Search icon


13th Aug 2022

People are tearing into the current biggest Netflix movie in the world for one really big reason

Kieran Galpin

Some have branded the flick ‘military propaganda’

Netflix users have taken issue with the platform’s latest original movie after its protagonist seemingly abandons her beliefs for a right-wing military man.

Purple Hearts has amassed nearly 102.6 million viewing hours since it was released worldwide on August 1. The film, directed by Elizabeth Allen Rosenbaum, follows Cassie (Sophia Carson) as she grapples with financial issues in America.

“In spite of their many differences, Cassie (Sofia Carson), a struggling singer-songwriter, and Luke (Nicholas Galitzine), a troubled marine, agree to marry solely for military benefits,” the plot reads. “But when tragedy strikes, the line between real and pretend begins to blur.”

One fan dubbed the film “military propaganda”, while many others said it resembled a “horror movie.”

On Twitter, one user scathed: “Purple Hearts is for the girlies with racist boyfriends.”

“The plot of purple hearts is literally the american healthcare system is so bad that I have to marry a stranger who commits war crimes for the state so I won’t die,” another said.

A third added: “Purple Hearts is not a romance it is a horror film because I literally cannot think of anything more terrifying than having to marry a military dude to afford my insulin.”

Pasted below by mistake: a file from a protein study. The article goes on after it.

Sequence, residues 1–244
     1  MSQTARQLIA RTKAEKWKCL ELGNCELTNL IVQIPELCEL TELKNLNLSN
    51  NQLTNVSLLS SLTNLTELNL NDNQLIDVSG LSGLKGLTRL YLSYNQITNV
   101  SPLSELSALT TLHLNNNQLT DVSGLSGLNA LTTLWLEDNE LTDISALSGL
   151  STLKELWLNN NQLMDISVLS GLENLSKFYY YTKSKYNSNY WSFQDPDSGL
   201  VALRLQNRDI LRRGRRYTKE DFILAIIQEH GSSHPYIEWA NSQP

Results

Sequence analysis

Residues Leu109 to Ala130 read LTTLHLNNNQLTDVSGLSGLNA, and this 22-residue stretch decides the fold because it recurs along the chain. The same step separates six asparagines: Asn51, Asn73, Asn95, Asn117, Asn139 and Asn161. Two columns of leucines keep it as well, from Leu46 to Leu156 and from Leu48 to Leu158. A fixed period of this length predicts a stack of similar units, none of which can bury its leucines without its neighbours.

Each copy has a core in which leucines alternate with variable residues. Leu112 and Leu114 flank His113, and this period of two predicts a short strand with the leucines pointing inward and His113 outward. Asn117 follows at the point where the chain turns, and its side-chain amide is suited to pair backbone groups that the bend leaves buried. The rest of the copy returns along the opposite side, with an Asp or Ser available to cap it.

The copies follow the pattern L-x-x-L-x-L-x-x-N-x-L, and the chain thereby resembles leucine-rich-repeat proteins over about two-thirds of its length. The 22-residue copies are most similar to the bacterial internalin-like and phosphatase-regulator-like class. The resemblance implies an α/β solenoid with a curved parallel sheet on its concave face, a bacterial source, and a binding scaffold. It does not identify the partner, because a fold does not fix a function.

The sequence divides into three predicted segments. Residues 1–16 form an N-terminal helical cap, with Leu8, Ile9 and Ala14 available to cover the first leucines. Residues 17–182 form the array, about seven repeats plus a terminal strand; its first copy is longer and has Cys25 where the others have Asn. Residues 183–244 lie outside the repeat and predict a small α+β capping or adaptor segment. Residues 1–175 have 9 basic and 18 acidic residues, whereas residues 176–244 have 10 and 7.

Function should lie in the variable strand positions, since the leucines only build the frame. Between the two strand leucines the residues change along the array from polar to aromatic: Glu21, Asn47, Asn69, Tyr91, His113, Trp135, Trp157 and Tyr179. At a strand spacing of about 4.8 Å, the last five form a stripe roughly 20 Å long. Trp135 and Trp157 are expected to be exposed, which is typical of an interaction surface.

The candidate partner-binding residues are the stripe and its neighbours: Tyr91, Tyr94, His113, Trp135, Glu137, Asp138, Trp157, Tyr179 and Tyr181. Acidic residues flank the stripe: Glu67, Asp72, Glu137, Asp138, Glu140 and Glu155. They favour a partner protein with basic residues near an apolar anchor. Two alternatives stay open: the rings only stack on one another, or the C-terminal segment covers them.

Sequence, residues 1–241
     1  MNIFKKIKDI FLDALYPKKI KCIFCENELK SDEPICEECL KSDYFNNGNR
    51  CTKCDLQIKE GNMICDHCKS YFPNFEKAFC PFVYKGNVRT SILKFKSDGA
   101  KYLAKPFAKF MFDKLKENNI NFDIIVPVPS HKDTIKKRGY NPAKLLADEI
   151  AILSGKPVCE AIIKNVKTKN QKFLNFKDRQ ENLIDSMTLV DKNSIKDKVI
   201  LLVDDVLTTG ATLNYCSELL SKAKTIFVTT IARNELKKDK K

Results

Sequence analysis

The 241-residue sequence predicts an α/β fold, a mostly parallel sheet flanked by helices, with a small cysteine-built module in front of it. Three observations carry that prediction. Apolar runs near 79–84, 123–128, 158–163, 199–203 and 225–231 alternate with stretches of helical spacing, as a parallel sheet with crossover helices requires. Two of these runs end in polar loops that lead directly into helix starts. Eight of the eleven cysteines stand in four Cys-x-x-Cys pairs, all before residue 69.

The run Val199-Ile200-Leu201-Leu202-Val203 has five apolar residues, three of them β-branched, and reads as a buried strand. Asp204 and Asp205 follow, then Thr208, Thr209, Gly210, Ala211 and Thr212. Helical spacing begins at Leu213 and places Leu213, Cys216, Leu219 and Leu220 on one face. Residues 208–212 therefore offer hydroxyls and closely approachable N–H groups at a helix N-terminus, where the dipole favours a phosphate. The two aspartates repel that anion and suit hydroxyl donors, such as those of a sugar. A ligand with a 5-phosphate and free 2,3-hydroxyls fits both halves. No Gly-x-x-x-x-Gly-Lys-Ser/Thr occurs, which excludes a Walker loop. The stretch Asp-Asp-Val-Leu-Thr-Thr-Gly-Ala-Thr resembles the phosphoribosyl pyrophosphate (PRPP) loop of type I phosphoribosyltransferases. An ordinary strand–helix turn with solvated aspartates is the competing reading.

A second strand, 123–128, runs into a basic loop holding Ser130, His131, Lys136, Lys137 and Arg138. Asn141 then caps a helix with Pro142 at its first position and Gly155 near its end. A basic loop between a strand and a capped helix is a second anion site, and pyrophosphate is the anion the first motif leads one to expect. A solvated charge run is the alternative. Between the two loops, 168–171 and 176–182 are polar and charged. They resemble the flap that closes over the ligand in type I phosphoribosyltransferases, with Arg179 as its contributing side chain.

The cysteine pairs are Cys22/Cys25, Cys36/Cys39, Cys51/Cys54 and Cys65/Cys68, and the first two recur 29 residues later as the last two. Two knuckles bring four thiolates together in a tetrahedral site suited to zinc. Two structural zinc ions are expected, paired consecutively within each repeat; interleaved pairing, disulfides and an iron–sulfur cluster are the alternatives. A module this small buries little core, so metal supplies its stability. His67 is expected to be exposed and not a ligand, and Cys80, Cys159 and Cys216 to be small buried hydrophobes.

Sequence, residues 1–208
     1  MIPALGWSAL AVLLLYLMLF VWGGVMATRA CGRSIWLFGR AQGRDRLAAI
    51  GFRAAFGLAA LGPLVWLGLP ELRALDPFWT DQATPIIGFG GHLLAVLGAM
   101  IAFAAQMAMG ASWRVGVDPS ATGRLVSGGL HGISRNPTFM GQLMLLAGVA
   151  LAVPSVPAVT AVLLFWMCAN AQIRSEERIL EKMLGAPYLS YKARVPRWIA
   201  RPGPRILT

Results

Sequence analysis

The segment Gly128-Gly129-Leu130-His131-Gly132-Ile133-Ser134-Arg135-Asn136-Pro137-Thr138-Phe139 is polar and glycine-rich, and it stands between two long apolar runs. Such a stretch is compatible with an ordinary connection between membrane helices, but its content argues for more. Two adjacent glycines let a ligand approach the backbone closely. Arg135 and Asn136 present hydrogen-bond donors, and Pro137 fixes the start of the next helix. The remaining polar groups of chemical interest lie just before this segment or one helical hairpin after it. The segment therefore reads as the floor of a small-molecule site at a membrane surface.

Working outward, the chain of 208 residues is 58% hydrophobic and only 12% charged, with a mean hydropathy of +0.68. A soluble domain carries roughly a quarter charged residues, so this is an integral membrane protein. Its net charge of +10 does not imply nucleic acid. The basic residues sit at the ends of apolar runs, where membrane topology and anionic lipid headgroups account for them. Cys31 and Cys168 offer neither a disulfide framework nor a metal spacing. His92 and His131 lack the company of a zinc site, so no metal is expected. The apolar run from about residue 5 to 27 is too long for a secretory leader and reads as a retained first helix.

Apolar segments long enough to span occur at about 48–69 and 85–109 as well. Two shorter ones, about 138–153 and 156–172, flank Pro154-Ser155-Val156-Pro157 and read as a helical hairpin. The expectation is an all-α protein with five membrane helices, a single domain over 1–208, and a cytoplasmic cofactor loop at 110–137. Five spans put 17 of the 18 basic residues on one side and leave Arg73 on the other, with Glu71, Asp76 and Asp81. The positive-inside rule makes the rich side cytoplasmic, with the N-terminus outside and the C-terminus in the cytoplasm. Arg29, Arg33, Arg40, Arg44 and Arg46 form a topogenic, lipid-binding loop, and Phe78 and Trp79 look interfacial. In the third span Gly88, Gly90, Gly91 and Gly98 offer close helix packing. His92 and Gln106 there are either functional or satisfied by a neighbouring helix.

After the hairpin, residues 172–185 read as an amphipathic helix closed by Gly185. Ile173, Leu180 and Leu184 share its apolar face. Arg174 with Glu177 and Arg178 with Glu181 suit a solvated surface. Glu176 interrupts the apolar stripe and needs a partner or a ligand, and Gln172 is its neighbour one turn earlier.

The film has received so much criticism online that Carson, 29, and Allen Rosenbaum have been forced to respond.

“I hope that people understand that in order for characters to grow, they need to be flawed in the beginning,” the director told Variety, though arguably, this is what fans have taken issue with. “They are flawed at the beginning and that was intentional. In order for the red heart and the blue heart to kind of turn purple, you have to have them be kind of extreme.”

The film has been applauded for its representation of people with diabetes, which was aided by the director’s work with medical professionals.

“The more that we learned about diabetes, the more that we wanted to really represent what it means to be a Type 1 Diabetic in 2022 in the United States, as accurately and as vulnerably as possible,” Carson said. “Working with Laura, meeting with doctors and doing my research about what they face every single day to literally survive — to sacrifice everything they have to get the insulin they need to wake up the next day — is devastatingly unfair.”

Related links: